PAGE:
Introduction to Property-based testing

Introduction to Property-based testing... or unit testing on Steroids. Property-based testing is a random testing technique to decrease your testing effort and helps to write strong tests. Sounds good right? In the following lines, I will give you a brief introduction to this topic.
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When realizing a Software Project, testing is a crucial part and could take up to 50% of the project cost. Especially in a Startup where changes happen daily and must be implemented without much effort. My own experience with testing was that the arrange part of a Unit test takes the biggest amount of effort. Even by using builder patterns, or parameterized tests, you still have to write multiple times the same code just checking for other values. Which does not only costs you time when writing your unit tests but also builds a longer refactoring tail when changing your code.

Furthermore, it is the most crucial part of the test, if the test data is weak the whole test will be. This leads to an analogy width clock building, not time telling written by JimCollins [7]

” Excerpts from Built to Last Imagine you met a remarkable person who could look at the sun or stars at any time of day or night and state the exact time and date: “It’s April 23, 1401,2:36 A.M., and 12 seconds.” This person would be an amazing time teller, and we'd probably revere that person for the ability to tell time. But wouldn’t that person be even more amazing if, instead of telling the time, he or she built a clock that could tell the time forever, even after he or she was dead and gone?”

Writing unit tests would be time telling, sure you could say with confidence that the code under test will work for every specific case the test was written. But it would make much more sense to build a clock, in this case, a property-based test that can verify the correctness of a program for every possible input. This gives the test also the possibility to detect more uncommon errors by generating values over the whole input range. Property-based testing can speed up the testing process and increase the quality of tests in our project and makes more time for implementing new well-tested features. Which according to Hughes was also their main goal when Implementing the first property-based testing framework QuickCheck.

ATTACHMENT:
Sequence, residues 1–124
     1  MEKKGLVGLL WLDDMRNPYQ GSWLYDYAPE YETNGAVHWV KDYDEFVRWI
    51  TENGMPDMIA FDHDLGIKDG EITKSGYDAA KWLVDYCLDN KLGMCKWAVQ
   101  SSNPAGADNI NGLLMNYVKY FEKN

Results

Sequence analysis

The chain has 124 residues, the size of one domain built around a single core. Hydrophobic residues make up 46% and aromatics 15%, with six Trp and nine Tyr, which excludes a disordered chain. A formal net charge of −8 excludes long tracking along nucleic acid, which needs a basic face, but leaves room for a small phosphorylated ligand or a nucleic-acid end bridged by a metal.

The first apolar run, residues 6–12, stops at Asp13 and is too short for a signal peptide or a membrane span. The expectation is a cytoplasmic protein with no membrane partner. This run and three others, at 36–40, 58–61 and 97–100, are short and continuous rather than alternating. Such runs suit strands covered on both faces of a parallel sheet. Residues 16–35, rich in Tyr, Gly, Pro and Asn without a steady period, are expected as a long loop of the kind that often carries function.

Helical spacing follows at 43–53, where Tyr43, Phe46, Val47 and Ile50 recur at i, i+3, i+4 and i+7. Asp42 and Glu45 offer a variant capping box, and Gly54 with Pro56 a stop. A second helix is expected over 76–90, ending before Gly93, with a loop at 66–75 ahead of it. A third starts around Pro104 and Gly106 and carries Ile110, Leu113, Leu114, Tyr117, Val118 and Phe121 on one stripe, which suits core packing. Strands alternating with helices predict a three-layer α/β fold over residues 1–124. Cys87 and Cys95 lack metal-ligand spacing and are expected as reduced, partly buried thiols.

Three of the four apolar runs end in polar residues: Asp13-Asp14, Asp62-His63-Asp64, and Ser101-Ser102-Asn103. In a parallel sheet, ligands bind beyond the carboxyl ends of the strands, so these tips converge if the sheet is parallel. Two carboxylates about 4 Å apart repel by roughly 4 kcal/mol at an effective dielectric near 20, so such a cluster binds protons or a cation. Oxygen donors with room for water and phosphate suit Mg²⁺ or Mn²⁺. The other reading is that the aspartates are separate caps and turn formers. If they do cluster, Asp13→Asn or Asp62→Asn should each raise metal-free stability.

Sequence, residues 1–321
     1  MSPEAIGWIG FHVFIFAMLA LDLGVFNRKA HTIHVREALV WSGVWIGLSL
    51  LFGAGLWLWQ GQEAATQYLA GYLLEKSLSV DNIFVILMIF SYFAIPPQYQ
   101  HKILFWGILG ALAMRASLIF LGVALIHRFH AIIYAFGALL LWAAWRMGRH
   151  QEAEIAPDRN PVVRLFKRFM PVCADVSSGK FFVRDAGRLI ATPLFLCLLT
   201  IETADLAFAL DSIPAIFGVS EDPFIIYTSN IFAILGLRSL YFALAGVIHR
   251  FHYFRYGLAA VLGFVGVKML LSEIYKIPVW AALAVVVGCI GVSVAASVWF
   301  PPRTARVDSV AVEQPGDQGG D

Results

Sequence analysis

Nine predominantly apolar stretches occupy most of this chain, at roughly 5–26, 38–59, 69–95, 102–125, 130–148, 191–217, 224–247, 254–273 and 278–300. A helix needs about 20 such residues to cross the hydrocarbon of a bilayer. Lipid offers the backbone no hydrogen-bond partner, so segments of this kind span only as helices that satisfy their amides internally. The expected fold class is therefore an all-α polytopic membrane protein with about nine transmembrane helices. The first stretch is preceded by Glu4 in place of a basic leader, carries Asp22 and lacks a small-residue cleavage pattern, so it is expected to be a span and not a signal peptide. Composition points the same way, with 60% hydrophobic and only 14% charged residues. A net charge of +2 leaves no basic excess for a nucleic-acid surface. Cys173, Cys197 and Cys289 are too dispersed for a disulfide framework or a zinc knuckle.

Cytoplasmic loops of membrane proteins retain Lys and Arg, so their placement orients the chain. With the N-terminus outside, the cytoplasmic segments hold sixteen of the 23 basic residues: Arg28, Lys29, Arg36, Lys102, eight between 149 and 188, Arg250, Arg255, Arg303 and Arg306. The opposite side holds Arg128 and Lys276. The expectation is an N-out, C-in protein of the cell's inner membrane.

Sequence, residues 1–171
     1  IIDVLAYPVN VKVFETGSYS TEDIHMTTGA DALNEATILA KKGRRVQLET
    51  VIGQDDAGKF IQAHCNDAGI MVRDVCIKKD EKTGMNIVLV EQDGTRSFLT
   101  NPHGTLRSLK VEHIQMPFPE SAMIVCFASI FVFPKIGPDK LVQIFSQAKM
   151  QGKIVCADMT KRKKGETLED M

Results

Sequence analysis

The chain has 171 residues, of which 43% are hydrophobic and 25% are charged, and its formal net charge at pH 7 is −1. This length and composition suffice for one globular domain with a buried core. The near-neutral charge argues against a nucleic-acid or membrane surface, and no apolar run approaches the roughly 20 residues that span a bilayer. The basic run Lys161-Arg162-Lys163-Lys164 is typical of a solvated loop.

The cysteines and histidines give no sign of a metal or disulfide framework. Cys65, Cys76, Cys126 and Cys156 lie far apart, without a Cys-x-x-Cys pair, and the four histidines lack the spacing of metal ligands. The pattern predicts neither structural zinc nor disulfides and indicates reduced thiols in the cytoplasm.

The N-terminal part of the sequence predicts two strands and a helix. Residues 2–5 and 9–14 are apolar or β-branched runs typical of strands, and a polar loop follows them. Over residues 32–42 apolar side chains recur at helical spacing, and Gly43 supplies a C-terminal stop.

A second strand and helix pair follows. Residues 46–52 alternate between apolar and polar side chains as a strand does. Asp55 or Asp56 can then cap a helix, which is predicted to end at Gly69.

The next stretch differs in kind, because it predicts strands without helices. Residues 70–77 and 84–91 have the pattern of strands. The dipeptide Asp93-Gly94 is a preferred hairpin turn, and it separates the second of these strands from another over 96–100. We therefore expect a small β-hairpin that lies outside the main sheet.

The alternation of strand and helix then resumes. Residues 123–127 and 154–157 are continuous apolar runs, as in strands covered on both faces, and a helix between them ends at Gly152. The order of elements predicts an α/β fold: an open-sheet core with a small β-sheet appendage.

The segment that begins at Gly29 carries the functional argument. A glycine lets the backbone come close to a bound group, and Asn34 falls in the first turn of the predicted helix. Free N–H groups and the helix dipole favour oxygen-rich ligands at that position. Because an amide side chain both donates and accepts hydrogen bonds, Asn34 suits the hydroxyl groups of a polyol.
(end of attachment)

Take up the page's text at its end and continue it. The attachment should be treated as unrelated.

What is Property-based Testing

Property-based testing is a testing technique where random input data is used to produce an output, which then has to fulfill different properties.

This testing technique combines random testing by covering a high amount of input values with example-based testing by reaching high feature compliance, as described in the image below.

Property based testing compared to other testing techniques.

In contrast to Example-based testing, these properties do not have to go into details about an output. So there must not be an oracle to produce another output value, this output value will be compared to. Moreover, there will be characteristics derived from the specifications the output has to fulfill.

Property-based Testing compared to Unit testing

I will compare testing a sort function by Unit and property-based testing. The tested sort function should be able to sort an array of integers in ascending order. With unit testing, testing will look something like bellow.

    test("sortIsCorrectlySorting", () => {
      expect(sort([1, 4, 3, 2, 5])).toEqual([1, 2, 3, 4, 5]);

These tests are good to validate the code’s behavior in edge cases and for just one given array. But what if there is an off-by-one error in the implementation of sort, the above tests would not be able to detect this. So an ideal test of this function should go over the complete definition area of the system under test (SUT). For sort, this would be every array of integers, so writing unit tests for every array of integers would be a lot of work.